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Oral Health

Narrative

Poor oral health can cause chronic pain of the mouth and face and can impair the ability to eat normally. To prevent caries (tooth decay) and periodontal (gum) disease, the American Dental Association recommends brushing at least twice a day and flossing at least once per day, and receiving regular dental checkups.1

In 2005–2008, about 30 percent of adults reported that their teeth were in fair or poor condition (30.8 percent). Self-reported oral health status did not vary by sex but did vary greatly by poverty status and race and ethnicity. For example, 50.2 percent of women with household incomes of less than 100 percent of poverty reported that their teeth were in fair or poor condition compared to 19.4 percent of women with household incomes of 300 percent or more of poverty. Nearly 50 percent of Mexican American women and more than 40 percent of Other Hispanic and non-Hispanic Black women reported fair or poor oral health compared to about 25 percent of non-Hispanic White women.

Dental restoration, such as fillings or crowns, can be used to treat cavities caused by caries. In 2005–2008, 21.0 percent of adults had untreated dental decay and 78.9 percent had at least one tooth restored. Men were somewhat more likely than women to have untreated dental decay (24.5 versus 17.7 percent, respectively) and less likely to have had dental restoration (75.9 versus 81.6 percent, respectively; data for men not shown).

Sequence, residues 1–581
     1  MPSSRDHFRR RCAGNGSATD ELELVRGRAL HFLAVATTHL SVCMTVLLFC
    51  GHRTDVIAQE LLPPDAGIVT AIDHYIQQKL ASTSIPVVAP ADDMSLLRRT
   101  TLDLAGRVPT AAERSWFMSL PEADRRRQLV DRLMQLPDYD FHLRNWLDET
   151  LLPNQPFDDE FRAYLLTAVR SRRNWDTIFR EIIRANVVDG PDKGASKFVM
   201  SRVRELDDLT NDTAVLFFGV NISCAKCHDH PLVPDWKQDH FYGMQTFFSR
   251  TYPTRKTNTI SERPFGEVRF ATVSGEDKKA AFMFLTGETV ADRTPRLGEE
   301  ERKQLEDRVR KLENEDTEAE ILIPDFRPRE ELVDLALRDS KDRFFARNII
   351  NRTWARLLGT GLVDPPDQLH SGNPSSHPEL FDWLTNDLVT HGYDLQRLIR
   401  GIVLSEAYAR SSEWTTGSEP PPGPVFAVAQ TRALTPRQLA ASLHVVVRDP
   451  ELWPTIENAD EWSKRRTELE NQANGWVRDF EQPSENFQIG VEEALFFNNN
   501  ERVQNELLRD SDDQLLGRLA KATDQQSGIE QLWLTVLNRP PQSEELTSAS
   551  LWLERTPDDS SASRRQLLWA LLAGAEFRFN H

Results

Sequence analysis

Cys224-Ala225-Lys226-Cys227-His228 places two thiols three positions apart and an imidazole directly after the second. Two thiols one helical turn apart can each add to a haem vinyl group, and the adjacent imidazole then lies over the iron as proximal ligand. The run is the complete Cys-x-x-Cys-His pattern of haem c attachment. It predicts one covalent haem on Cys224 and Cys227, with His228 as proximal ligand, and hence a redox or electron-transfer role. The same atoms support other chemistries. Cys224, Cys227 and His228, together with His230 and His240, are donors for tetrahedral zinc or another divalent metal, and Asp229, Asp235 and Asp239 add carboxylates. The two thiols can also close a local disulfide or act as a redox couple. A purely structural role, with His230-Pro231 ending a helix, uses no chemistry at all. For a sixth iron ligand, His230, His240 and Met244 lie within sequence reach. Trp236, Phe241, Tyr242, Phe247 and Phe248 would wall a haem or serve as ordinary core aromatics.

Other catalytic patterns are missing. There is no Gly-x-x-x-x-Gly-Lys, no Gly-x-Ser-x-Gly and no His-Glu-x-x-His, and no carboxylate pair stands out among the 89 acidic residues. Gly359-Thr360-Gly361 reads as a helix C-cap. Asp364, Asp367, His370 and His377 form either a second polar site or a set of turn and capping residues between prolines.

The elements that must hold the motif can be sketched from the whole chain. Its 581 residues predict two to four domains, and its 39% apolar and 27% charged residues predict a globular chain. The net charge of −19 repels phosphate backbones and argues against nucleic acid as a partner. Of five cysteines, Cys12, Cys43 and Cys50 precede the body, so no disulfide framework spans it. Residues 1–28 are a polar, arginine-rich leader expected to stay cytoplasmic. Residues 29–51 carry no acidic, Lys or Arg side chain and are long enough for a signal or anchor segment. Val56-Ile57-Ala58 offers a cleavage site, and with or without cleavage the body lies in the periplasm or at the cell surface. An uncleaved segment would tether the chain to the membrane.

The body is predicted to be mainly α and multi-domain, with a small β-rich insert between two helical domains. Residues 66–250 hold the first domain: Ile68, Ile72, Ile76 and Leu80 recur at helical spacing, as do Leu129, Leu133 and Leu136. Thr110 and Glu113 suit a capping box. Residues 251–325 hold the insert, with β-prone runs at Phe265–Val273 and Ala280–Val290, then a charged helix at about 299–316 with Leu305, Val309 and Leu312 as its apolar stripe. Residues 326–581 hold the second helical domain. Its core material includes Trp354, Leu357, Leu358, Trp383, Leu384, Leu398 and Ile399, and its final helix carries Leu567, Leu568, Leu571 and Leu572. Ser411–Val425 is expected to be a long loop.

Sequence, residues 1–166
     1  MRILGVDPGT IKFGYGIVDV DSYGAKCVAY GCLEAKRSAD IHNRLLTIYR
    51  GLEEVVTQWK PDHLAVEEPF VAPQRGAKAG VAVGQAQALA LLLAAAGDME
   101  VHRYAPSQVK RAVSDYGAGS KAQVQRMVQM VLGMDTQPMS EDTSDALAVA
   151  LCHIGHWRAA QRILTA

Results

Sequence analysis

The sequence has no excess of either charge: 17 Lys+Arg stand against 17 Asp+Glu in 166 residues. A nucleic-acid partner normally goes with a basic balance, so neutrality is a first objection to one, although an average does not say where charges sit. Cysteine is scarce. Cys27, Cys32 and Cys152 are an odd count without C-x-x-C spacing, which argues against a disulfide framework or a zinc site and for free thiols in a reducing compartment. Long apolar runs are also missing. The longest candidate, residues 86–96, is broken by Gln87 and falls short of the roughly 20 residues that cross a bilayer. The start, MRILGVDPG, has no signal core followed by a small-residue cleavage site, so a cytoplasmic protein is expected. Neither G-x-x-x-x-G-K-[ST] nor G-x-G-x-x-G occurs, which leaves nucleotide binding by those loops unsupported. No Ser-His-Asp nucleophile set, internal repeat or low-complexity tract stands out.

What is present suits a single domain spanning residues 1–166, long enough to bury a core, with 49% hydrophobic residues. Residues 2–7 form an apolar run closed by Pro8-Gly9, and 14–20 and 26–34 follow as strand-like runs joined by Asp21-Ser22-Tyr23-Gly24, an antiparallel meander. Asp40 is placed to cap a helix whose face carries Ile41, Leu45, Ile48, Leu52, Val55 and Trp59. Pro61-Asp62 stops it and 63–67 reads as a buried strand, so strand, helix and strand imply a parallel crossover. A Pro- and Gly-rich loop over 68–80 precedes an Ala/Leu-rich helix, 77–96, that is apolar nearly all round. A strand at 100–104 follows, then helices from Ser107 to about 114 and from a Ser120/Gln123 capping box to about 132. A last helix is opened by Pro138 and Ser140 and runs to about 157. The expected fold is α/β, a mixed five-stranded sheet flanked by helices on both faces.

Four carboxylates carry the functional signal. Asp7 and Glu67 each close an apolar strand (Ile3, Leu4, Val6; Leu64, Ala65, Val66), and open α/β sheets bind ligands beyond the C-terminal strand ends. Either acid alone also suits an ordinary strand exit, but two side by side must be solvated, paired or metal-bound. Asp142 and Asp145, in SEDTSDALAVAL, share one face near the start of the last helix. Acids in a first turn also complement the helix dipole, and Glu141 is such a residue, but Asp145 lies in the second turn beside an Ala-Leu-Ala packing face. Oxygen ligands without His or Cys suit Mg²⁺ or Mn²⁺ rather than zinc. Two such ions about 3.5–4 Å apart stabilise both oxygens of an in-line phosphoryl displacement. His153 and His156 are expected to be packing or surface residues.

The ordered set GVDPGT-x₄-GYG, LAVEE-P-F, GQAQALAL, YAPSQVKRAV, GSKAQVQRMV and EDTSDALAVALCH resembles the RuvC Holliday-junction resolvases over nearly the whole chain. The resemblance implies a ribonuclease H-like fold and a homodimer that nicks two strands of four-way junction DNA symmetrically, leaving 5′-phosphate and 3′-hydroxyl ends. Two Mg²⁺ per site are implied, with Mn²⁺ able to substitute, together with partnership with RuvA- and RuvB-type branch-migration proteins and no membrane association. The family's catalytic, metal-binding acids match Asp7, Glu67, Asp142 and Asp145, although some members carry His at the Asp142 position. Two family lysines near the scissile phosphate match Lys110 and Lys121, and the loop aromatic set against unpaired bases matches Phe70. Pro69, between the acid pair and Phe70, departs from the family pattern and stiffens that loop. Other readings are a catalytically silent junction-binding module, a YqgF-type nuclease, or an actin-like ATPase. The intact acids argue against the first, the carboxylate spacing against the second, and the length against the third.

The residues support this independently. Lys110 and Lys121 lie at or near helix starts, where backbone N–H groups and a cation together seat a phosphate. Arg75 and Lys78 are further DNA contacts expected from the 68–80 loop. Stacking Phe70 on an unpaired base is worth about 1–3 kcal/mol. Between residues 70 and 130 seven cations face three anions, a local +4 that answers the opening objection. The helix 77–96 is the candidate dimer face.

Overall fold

Dental decay and restoration vary by poverty status and race and ethnicity. Dental decay was about twice as high among non-Hispanic Black and Mexican American women (34.1 and 28.9 percent, respectively) compared to non-Hispanic White and Other Hispanic women (14.0 and 16.8 percent, respectively). Conversely, dental restoration was higher among non-Hispanic White and Other Hispanic women (84.0 and 86.5 percent, respectively) compared to non-Hispanic Black and Mexican American women (70.6 and 73.2 percent, respectively). Women with household incomes below poverty were three times more likely to have untreated dental decay than women living in households at 300 percent or more of poverty (30.3 versus 10.3 percent, respectively) and were less likely to have had dental restoration (68.3 versus 89.9 percent, respectively).

1 American Dental Association.External Web Site Policy Oral Health Topics: Brushing Your Teeth. Accessed 06/24/11.

Graphs

Data

Self-Reported Fair/Poor Oral Health Status Among Women Aged 18 and Older, by Poverty Status,* 2005–2008

Percent of Women:

  • Total: 29.7
  • Less than 100% of Poverty: 50.2
  • 100-199% of Poverty: 39.3
  • 200-299% of Poverty: 29.6
  • 300% or More of Poverty: 19.4

*Poverty level, defined by the U.S. Census Bureau, was $22,025 for a family of four in 2008.

Source: Centers for Disease Control and Prevention, National Health and Nutrition Examination Survey, 2005-2008. Analysis conducted by the Maternal and Child Health Information Resource Center.

Presence of Tooth Restoration and Decay Among Women Aged 18 and Older, by Race/Ethnicity,* 2005–2008
Race/Ethnicity Percent of Adults
Restoration Decay
*The samples of American Indian/Alaska Native, Asian, Native Hawaiian/Pacific Islander, and persons of multiple race were too small to produce reliable results.
Source: Centers for Disease Control and Prevention, National Health and Nutrition Examination Survey, 2005-2008. Analysis conducted by the Maternal and Child Health Information Resource Center.
Non-Hispanic White 84.0 14.0
Non-Hispanic Black 70.6 34.1
Mexican American 73.2 28.9
Other Hispanic 86.5 16.8
Total 81.6 17.7

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